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But one thing that has always been very oxymoronic about media streams are region locks, as in W... T... F...? Are you not trying to broaden your consumer base so they can increase your revenue on those products?
The rights holder refuses to grant worldwide rights to any media provider. Because they want to twist the arm of every provider in every region locally to get the best possible deal out of them.
And the think if the thing gets streamed worldwide they won't be able to resell it to every small tv station in every small country around the world.
 

Cyraxx

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When can we kill off the entertainment industry? They are essentially just the distributors of the content, CMON tech junkies, make a way to eliminate them quicker and easier.

I mean with the likes of iTunes and such for distribution, how in the hell is there still a RIAA? What role do they play? The artist and producer make the music in digital form and upload it to iTunes - How the hell does the RIAA deserve money from that?
 

InorganicMatter

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I'm actually sort of okay with this. Yes, DRM is bad, doesn't work, and shouldn't exist.

However, here in the real world, DRM does exist, DRM is here to stay, and a major problem with DRM is that there is a severe lack of standardization. Standardizing DRM for web content delivery will severely cut back on the headaches caused by Flash, SIlverlight, and the like.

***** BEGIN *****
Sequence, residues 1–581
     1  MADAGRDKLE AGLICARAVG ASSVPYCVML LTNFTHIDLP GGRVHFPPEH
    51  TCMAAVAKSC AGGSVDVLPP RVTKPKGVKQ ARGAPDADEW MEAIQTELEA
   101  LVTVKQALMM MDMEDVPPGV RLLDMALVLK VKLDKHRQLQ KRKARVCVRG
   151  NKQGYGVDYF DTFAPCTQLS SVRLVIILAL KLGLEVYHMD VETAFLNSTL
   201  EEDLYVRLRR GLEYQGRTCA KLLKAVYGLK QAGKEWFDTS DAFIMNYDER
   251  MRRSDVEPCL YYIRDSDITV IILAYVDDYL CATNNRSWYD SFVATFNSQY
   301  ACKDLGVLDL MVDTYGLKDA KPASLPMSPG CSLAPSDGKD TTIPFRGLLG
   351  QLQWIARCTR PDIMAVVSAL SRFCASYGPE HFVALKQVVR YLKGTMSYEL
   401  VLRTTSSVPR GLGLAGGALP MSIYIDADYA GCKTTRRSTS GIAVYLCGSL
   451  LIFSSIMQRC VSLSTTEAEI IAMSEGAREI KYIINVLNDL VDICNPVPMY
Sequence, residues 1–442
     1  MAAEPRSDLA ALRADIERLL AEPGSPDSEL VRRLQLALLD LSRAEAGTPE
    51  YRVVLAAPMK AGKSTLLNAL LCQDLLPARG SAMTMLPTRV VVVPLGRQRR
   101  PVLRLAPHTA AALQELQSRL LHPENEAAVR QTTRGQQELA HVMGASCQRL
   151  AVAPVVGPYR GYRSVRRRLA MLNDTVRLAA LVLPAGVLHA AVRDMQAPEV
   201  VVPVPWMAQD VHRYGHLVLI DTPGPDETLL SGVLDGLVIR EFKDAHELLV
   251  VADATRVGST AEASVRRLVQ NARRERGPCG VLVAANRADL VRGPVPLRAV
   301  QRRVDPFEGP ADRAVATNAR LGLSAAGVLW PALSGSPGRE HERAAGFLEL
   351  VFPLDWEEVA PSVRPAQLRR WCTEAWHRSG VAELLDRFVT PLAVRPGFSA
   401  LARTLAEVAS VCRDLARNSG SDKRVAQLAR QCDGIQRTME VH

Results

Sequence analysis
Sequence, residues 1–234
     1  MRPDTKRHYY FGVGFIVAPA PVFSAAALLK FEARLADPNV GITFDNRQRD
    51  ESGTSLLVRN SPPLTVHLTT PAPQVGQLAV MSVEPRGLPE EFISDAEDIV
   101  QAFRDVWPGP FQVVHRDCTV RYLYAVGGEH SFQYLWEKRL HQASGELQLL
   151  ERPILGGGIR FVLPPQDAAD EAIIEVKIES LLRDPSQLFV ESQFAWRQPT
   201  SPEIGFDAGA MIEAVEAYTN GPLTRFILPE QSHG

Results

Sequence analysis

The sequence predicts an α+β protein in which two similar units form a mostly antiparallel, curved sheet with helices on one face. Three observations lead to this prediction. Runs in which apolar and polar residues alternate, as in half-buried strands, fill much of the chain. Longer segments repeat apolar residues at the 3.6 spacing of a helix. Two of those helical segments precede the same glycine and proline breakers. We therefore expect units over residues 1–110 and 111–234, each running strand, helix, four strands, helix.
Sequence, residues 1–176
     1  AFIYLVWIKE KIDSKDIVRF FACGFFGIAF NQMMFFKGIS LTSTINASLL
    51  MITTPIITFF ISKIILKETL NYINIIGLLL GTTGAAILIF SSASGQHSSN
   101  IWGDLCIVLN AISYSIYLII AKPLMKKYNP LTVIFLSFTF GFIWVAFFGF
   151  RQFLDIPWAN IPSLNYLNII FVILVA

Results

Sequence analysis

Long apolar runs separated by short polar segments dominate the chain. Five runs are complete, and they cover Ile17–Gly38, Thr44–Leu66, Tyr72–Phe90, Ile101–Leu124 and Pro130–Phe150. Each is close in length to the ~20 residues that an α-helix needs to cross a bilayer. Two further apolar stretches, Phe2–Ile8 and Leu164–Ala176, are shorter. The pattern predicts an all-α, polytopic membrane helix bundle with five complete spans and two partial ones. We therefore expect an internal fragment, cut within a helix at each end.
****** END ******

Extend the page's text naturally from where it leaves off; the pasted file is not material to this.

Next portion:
The EFF's points about security researchers is taken, but that seems to be an issue with bad laws from Congress, not bad standards from the W3C.
 

Madoc

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Did you prefer the original or the remake? If you liked the remake was it before or after all of Showtime's partial frontal nudity was removed?
Wait. What's this about frontal nudity? Well... it's not like I can adjust it or anything...

And I liked both of them well enough. I suppose I prefer the remake a bit more, but both versions were pretty good.
 

Teenyman45

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In the original airings of Showtime's reboot of the Outer Limits, several of the Season 1 episodes had partial nudity that was removed for syndication. Same thing happened with Stargate SG-1.
 

Madoc

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In the original airings of Showtime's reboot of the Outer Limits, several of the Season 1 episodes had partial nudity that was removed for syndication. Same thing happened with Stargate SG-1.
Now that's a damned shame... :p

Also, the early Stargate SG-1 was really good. But eventually it became stale. Wish they could've found a good ending point somewhat earlier than they did.